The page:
Telefónica attempted an 11th hour comeback on Monday, closing to around 250 nautical miles of leading pair PUMA and Groupama, while Abu Dhabi were still assessing their options as they made progress towards the Chilean coast.
While PUMA Ocean Racing powered by BERG and Groupama sailing team duelled it out around less than 250 nautical miles ahead, Iker Martínez’s third placed Team Telefónica made the most of better breeze and higher boat speeds to claw back miles.
“We’ve been surfing for almost 24 hours,” Telefónica’s Media Crew Member (MCM) Diego Fructuoso said.
“The two boats ahead have distanced from us a bit, but we shouldn’t loose faith. Anything can happen; we will keep sailing and won’t stop trying,” he added.
Meanwhile, at the head of the fleet just six and a half nautical miles separated leaders PUMA and second placed Groupama after more than 6,000 nautical miles of full-on ocean racing.
Groupama, winners of the previous leg from Sanya to Auckland, were pushing for their second consecutive win, while the prospect of their first victory of the 2011-2012 edition was spurring on PUMA.
“The fact that we’re so close with Groupama right now after everything the two boats have been through is beyond imagination,” PUMA skipper Ken Read said.
“It’s great for the sport, great for the race. Here we are, nip and tuck. I think the lead has changed about a dozen times.”
After slowing down in a high pressure system the leading pair were back up to speed in stronger winds at 1300 UTC, each competing to up keep the most sail area.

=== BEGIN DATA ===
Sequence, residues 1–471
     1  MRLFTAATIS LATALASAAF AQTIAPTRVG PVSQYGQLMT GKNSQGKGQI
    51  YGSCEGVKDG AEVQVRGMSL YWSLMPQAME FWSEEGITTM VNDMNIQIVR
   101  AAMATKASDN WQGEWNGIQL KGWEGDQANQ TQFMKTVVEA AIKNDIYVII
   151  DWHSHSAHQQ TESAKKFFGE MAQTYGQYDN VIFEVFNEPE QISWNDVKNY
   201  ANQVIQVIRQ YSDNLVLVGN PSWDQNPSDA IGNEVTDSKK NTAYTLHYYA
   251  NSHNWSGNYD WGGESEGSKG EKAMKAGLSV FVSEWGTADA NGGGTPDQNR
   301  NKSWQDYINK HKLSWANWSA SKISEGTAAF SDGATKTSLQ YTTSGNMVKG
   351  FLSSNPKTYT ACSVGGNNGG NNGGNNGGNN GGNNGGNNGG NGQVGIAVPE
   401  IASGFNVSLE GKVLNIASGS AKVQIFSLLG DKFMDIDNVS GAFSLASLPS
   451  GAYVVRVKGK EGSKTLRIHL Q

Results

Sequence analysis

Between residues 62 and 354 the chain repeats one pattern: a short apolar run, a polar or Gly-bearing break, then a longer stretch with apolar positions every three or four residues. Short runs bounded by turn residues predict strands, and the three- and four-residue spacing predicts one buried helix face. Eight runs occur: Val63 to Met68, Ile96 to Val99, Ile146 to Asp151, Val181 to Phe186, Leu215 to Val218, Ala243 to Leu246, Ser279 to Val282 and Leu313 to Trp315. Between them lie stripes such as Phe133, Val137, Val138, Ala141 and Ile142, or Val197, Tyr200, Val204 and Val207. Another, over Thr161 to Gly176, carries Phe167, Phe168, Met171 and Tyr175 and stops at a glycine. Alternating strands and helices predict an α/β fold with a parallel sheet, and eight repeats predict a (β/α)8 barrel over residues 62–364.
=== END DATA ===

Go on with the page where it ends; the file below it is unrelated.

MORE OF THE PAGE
“Now the front is coming through, we’ve got 28 knots of breeze and we’re hanging on to the big gear so let’s see who flinches,” said Read.
CAMPER with Emirates Team New Zealand and Abu Dhabi Ocean Racing are sailing towards Puerto Montt in Chile after both sustaining serious structural damage earlier in the leg.
CAMPER, under 300 miles away and expected to arrive at the port on Tuesday, are aiming to complete Leg 5 after making repairs, while Abu Dhabi are yet to finalise their plans.
“We’re hitting 18, 19, 20 knots of boat speed at times so the miles are ticking down quite quickly,” said CAMPER helmsman and boat builder Rob Salthouse.
“Once we get in it will be a pretty busy three or so days. The shore team will be chomping at the bit to get this work done and we will help where we can.”
After completing the repairs CAMPER plan to round Cape Horn and finish the leg under sail.
Abu Dhabi skipper Ian Walker said the Emirati team were today less than 600 nm off the Chilean coast having made good progress over the last 48 hours, despite having to sail cautiously because of the repair.
“So far so good,” Walker said. “The repair seems excellent and appears to be holding, but we are also very conscious that the outside skin of the boat is only one and a half millimetres thick. You never know which wave is going to cause more damage.
“We are trying to sail with heel to keep that area out of the water and we are constantly monitoring it and trying to balance getting closer to land quickly against causing further damage,” he said.
“We are hoping to be able to confirm our longer term plan soon,” Walker added.
“We are just keeping our options open until a few more things drop into place.”